I read something on Twitter shortly after publishing the previous post that neatly sums up the position that I’m currently in with 100DB, and I’ve been thinking on it for the past week. The tweet in question posits that every product needs a promise that it’s fulfilling, or else you don’t really have a product. You could certainly frame a promise (especially a ‘product promise’) in many ways, but I might boil it down to the statement that animates the entire company. For Spotify, it’s “Music for everyone”. Lyft’s is “A ride when you need one.” – and so on.
I don’t (currently) know what promise 100DB is trying to make – my current best effort is “Listening is a narrative“ – more of a position than a promise. I also think you can uncover a promise if you are opinionated enough about what a product isn’t, on which point I’m on firmer ground. 100DB isn’t Spotify, it’s not music production, it’s not journalistic. Or: not inherently journalistic – to my mind journalism requires a stance on what’s ‘good’, which is not my intent.
What’s helped to frame my exploration has been two recent conversations with informal advisors (that’s the mailing list – y’all rule). The first included a question which hopefully the person in question won’t mind me posting verbatim: “What would be an incredible tool or experience, if I don’t limit myself by today’s technology or typical approaches?” This is an especially good reminder for me, as I tend to be a pragmatic designer – i.e., “how might we solve this specific problem quickly and efficiently” vs. “how might we solve a category of problems by thinking more broadly and deeply”. (My experience in startups is that you need both kinds of people.)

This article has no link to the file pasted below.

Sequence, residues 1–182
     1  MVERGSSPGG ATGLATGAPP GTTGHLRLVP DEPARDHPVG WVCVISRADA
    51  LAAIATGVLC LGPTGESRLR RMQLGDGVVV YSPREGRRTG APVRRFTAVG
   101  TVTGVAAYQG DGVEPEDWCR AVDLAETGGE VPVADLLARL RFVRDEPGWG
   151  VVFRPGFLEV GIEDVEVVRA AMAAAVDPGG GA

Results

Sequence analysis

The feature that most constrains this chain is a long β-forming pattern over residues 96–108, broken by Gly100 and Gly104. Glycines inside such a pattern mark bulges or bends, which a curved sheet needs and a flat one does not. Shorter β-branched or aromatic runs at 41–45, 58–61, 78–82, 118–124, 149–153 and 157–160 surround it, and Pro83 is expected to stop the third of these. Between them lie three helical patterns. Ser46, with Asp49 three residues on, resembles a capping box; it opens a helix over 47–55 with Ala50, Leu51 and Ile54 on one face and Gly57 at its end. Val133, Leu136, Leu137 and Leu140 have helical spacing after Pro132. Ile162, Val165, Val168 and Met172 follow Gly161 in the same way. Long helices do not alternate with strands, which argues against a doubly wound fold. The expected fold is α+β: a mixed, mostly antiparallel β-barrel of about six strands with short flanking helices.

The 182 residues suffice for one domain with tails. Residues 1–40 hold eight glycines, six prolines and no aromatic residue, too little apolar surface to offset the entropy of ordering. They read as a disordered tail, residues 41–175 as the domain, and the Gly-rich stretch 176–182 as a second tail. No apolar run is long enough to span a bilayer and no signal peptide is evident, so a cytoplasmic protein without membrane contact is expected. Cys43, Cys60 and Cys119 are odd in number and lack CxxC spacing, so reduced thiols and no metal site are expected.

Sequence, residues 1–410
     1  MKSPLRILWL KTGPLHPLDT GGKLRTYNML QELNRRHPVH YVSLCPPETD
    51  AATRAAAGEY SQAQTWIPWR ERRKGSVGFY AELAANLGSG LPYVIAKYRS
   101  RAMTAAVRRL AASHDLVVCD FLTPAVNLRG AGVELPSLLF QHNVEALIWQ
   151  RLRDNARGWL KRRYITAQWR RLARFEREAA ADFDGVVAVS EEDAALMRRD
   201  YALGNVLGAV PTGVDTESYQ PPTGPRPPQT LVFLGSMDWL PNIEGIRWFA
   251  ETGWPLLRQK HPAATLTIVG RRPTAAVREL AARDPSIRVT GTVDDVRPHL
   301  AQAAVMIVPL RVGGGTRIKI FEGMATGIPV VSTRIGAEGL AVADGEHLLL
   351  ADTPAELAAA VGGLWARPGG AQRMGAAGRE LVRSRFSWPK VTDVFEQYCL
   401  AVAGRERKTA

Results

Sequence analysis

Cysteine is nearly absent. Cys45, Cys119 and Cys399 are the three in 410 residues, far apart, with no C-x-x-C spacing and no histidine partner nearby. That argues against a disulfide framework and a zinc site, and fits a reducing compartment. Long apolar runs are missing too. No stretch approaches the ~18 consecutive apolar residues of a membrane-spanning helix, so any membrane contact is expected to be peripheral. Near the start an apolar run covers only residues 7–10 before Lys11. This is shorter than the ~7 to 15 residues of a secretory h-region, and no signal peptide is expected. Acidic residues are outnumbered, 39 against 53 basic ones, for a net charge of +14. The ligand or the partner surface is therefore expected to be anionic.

The second discussion was on what music means to people. Everybody has their own methods of organization and curation, their own web of personal meaning and history intertwined with specific songs, albums, and artists. The perfect example (again, lifting an example directly from the convo in question, apologies/thank you) is a playlist, perhaps called “High School”. This playlist would not contain music that came out when I was in high school – but rather music that I listened to in high school, music that has meaning because it’s indelibly tied to that time in my life. This isn’t music as journalism, but music as chronicle, as self-history.
Referring back to “Discovery and Value”, I wrote about solving microproblems – that is: building very, very small things to validate small pieces of ’the promise’ of 100DB. Taking very small steps is not incompatible with either of the above directional inputs – quite the opposite: it allows me to dial in very quickly on the pieces of those two points that matter most. I gain more clarity on what I should build as a “Minimum Viable Interestingness” output if I have guard rails. “Don’t worry about tech” and “have a firm opinion on why music is important” are good ones.
Finally, while we’re talking about figuring out how to set goals: I think I’m reaching a point in this project where I have enough directional confidence to actually start building something. The genesis of this project was really about capturing an idiosyncratic personal moment about something that I love – the only way I can tell if it means anything to anybody else is to build. Unfortunately, that’s something I can’t do by myself. If you are a developer with a little bit of time on your hands and a willingness to come to some kind of arrangement, let’s chat.